Improving Quality and Achieving Equity

A Guide for Hospital Leaders

The 76-page report, Improving Quality and Achieving Equity: A Guide for Hospital Leaders is structured as a guide for CEOs, high-level managers in hospitals, and other leaders in the fields of safety, finance and risk reduction in hospitals. The report is also meant to be used by anyone working within this industry who feels that leaders in their hospital are not taking sufficient action to address inequities in health care. The final draft of this document was reviewed by a panel of experts in hospital safety and quality.

The introduction to the guide states that the report's main goals are to present the evidence for racial and ethnic disparities in health care and provide the rationale for addressing them; highlight model practices; and recommend a set of activities and resources that can help hospital leaders initiate an agenda for action to reduce these disparities. Chapters are divided into topics such as why disparities need to be addressed; what are the root causes of health disparities; what actions are already being taken to combat disparities; and what resources exist to tackle inequities. Several case studies of equity initiatives that have been undertaken at individual hospitals are detailed, including discussions of what was successful about each initiative and what will be necessary to sustain it.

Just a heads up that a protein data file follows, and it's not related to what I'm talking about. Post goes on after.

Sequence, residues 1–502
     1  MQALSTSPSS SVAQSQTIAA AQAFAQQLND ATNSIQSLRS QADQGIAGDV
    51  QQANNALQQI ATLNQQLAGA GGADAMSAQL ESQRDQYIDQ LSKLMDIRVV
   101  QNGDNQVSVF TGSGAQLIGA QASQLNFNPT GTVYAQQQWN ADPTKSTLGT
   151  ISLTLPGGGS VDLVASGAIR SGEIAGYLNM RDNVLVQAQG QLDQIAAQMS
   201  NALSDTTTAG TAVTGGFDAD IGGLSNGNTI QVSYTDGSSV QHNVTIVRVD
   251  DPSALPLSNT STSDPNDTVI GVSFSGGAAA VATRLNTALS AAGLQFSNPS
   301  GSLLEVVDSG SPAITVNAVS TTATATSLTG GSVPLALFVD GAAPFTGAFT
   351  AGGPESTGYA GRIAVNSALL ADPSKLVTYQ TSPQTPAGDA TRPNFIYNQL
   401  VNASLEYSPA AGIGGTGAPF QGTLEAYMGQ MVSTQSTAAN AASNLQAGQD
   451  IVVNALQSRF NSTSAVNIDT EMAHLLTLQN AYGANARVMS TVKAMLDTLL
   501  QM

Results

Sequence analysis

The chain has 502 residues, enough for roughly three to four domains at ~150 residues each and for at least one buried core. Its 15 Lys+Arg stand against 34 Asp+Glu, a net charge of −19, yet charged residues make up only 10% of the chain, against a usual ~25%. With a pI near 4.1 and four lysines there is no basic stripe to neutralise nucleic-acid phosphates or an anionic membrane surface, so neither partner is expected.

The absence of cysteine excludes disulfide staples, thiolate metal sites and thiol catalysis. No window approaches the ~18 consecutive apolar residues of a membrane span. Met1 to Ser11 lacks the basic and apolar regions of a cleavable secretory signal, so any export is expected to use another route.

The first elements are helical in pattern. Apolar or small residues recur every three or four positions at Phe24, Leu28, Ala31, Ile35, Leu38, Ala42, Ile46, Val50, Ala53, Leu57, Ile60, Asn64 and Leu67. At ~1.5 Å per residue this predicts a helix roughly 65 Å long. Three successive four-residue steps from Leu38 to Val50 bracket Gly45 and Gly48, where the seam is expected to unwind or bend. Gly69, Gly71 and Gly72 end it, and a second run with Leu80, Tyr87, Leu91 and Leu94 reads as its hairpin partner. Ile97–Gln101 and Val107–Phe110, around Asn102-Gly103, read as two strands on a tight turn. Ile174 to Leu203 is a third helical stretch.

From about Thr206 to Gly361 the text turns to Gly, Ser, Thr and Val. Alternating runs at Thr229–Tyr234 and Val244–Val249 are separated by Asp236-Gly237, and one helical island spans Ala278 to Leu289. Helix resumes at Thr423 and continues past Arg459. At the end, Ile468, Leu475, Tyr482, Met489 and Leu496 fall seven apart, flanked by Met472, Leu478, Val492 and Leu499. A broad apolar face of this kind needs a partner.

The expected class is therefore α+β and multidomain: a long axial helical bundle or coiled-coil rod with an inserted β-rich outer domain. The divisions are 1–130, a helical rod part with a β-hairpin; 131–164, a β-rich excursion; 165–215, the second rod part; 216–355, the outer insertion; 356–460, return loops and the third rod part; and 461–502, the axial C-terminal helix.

A strong focus of this report is that medical institutions need to move beyond documenting health disparities to doing something about them. The report recommends specifics steps and strategies that hospitals can use to begin ameliorating racial and ethnic health disparities; although tracking disparities is required in order to address them, it is a necessary but insufficient element. Strategies recommended here include the use of culturally-competent disease management models, bilingual health coaches and navigators, and the implementation of community outreach programs. Lastly, the report emphasizes that addressing health disparities must not be viewed as a subset of delivering quality health care, but as an essential component of delivering quality health care.